C. Garrison Fathman, MD ’69 Professor or Medicine and Chief of Division of Immunology Director, Institute for Immunology Stanford University School of Medicine
Dr. C. Garrison Fathman is Professor of Medicine and Chief of the Division of Immunology and Rheumatology at Stanford University School of Medicine and Associate Director of the Institute for Immunology, Transplantation and Infection (ITI) and Director of the Center for Clinical Immunology at Stanford (CCIS). He was Founder and first-President of the Federation of Clinical Immunology Societies (FOCIS).
Dr. Fathman’s substantial scientific contributions in the areas of cellular and molecular immunology have brought him international recognition. As Director of the CCIS, he initiated a multidisciplinary approach to study and treat autoimmune diseases, including rheumatoid arthritis, multiple sclerosis, and insulin-dependent diabetes mellitus, and initiated several new approaches to education and community outreach.
Dr. Fathman received his Medical Degree from Washington University in St. Louis in 1969. He subsequently completed his residency training at Dartmouth Affiliated Hospitals and completed a fellowship in immunology and rheumatology at Stanford University. He then spent four years in training in research, first at the National Cancer Institute of the NIH, and then as a member of the Basel Institute of Immunology in Switzerland. He returned to the United States to join the faculty at the Mayo Clinic Medical School in 1977 and was recruited back to Stanford University in 1981.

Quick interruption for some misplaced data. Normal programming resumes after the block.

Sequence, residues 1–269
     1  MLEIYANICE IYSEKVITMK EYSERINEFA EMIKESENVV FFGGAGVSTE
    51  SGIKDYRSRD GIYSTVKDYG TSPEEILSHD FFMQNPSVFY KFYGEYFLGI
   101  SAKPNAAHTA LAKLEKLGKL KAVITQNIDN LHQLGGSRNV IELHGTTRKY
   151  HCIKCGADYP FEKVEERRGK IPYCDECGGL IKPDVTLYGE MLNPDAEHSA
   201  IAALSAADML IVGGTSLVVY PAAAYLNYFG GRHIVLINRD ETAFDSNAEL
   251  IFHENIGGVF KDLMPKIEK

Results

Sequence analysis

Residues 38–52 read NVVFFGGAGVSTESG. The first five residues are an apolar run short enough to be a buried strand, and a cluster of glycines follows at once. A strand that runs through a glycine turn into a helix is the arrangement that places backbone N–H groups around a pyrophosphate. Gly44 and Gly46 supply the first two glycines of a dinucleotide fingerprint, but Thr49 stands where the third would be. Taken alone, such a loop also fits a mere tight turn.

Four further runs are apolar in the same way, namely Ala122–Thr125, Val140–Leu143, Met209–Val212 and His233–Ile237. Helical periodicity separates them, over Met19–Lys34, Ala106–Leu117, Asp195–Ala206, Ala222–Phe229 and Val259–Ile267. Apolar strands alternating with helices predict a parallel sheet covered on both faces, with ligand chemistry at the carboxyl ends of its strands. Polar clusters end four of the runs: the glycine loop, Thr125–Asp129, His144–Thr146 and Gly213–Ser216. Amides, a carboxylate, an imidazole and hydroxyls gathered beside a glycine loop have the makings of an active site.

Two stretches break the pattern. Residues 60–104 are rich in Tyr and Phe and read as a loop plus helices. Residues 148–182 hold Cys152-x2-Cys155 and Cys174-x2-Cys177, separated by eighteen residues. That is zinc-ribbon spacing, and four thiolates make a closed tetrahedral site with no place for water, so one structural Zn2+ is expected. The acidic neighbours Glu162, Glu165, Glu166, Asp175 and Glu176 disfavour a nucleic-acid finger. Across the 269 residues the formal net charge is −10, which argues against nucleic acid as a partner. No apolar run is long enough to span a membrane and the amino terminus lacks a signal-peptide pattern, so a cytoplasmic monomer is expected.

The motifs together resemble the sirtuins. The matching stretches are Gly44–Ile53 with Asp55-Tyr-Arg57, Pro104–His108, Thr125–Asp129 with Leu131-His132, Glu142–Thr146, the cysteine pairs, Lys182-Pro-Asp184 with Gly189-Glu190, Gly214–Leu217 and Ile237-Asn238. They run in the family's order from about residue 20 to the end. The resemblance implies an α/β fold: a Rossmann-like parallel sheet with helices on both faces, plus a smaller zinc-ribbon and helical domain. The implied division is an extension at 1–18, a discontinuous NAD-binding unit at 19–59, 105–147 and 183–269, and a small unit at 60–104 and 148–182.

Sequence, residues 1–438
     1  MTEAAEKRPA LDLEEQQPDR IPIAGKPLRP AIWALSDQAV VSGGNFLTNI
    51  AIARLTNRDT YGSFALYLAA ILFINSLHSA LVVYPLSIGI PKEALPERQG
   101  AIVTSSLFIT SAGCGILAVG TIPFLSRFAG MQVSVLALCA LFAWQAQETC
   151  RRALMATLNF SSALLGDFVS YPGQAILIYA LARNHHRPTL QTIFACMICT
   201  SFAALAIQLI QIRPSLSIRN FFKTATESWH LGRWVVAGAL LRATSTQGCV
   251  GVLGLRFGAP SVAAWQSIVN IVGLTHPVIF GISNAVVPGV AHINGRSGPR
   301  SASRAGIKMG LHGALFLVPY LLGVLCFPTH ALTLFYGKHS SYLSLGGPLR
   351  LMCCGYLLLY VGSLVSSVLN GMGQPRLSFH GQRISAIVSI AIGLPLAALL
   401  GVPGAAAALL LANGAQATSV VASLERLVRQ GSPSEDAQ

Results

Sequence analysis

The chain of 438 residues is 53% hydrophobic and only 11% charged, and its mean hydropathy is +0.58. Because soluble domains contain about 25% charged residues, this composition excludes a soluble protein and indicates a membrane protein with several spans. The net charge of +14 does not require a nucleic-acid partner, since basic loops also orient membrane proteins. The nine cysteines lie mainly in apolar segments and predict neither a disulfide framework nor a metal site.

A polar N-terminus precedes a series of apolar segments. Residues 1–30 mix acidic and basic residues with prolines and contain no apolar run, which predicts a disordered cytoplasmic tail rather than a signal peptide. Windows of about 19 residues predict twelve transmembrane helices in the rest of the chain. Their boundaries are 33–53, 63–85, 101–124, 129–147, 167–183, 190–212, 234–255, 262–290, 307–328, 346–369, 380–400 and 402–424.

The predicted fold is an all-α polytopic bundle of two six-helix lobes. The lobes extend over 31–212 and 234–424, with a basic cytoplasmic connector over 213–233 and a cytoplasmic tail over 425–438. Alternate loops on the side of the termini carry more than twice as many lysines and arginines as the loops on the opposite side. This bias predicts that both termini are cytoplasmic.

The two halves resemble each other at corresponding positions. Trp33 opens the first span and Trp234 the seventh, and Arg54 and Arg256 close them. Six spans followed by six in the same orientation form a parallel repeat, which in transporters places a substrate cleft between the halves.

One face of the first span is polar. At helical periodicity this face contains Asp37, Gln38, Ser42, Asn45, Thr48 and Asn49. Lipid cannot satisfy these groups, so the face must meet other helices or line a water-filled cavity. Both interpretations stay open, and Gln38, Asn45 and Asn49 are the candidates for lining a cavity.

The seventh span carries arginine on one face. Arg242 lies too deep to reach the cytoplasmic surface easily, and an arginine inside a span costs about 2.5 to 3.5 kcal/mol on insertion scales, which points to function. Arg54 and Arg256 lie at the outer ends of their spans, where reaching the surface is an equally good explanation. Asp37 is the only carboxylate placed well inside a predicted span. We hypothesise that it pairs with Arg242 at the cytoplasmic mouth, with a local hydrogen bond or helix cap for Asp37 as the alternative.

Dr. Fathman is a member of many professional organizations, including the American Association of Immunologists (AAI) and the Association of American Physicians (AAP), and is past council member of the American Society for Clinical Investigation (ASCI) and past-President of the Clinical Immunology Society (CIS). He was Associate Editor of the Annual Review of Immunology for 25 years and serves on the editorial boards of numerous scientific journals. Dr. Fathman has chaired a variety of national and international professional meetings, served on NIH study sections and numerous blue ribbon panels, and has written more than 300 articles on his research in molecular and cellular characterization of CD4 T cell activation and unresponsiveness.
Mark McClellan, MD, PhD
Senior Fellow, Brookings Institution
Mark McClellan, MD, PhD, is a senior fellow and director of the Initiative on Value and Innovation in Health Care at the Brookings Institution. Within Brookings, his work focuses on promoting quality and value in patient centered health care.
A doctor and economist by training, he also has a highly distinguished record in public service and in academic research. Dr. McClellan is a former administrator of the Centers for Medicare & Medicaid Services (CMS) and former commissioner of the U.S. Food and Drug Administration (FDA), where he developed and implemented major reforms in health policy. These include the Medicare prescription drug benefit, the FDA’s Critical Path Initiative, and public-private initiatives to develop better information on the quality and cost of care.
Dr. McClellan chairs the FDA’s Reagan-Udall Foundation, is co-chair of the Quality Alliance Steering Committee, sits on the National Quality Forum’s Board of Directors, is a member of the Institute of Medicine, and is a research associate at the National Bureau of Economic Research.
He previously served as a member of the President’s Council of Economic Advisers and senior director for health care policy at the White House, and was an associate professor of economics and medicine at Stanford University.